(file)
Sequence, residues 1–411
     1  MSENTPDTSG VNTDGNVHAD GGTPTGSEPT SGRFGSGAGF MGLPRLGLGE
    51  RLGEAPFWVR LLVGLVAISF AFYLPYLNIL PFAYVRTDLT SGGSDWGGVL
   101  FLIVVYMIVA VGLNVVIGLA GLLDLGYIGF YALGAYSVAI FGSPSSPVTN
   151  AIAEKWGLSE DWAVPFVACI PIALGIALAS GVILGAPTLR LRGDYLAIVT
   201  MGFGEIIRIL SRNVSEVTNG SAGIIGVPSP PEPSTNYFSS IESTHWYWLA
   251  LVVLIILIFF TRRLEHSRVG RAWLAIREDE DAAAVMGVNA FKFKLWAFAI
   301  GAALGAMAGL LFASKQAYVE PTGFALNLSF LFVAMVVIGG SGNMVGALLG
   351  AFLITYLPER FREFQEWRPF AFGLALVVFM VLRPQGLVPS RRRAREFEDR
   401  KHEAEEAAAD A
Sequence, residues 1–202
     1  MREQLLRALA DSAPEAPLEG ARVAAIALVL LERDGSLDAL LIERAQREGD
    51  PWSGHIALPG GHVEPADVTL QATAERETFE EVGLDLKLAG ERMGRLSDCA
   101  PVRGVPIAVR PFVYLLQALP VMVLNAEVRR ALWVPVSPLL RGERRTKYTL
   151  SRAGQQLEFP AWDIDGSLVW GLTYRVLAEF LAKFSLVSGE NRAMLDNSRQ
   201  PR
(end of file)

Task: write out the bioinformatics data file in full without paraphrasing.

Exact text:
Sequence, residues 1–411
     1  MSENTPDTSG VNTDGNVHAD GGTPTGSEPT SGRFGSGAGF MGLPRLGLGE
    51  RLGEAPFWVR LLVGLVAISF AFYLPYLNIL PFAYVRTDLT SGGSDWGGVL
   101  FLIVVYMIVA VGLNVVIGLA GLLDLGYIGF YALGAYSVAI FGSPSSPVTN
   151  AIAEKWGLSE DWAVPFVACI PIALGIALAS GVILGAPTLR LRGDYLAIVT
   201  MGFGEIIRIL SRNVSEVTNG SAGIIGVPSP PEPSTNYFSS IESTHWYWLA
   251  LVVLIILIFF TRRLEHSRVG RAWLAIREDE DAAAVMGVNA FKFKLWAFAI
   301  GAALGAMAGL LFASKQAYVE PTGFALNLSF LFVAMVVIGG SGNMVGALLG
   351  AFLITYLPER FREFQEWRPF AFGLALVVFM VLRPQGLVPS RRRAREFEDR
   401  KHEAEEAAAD A
Sequence, residues 1–202
     1  MREQLLRALA DSAPEAPLEG ARVAAIALVL LERDGSLDAL LIERAQREGD
    51  PWSGHIALPG GHVEPADVTL QATAERETFE EVGLDLKLAG ERMGRLSDCA
   101  PVRGVPIAVR PFVYLLQALP VMVLNAEVRR ALWVPVSPLL RGERRTKYTL
   151  SRAGQQLEFP AWDIDGSLVW GLTYRVLAEF LAKFSLVSGE NRAMLDNSRQ
   201  PR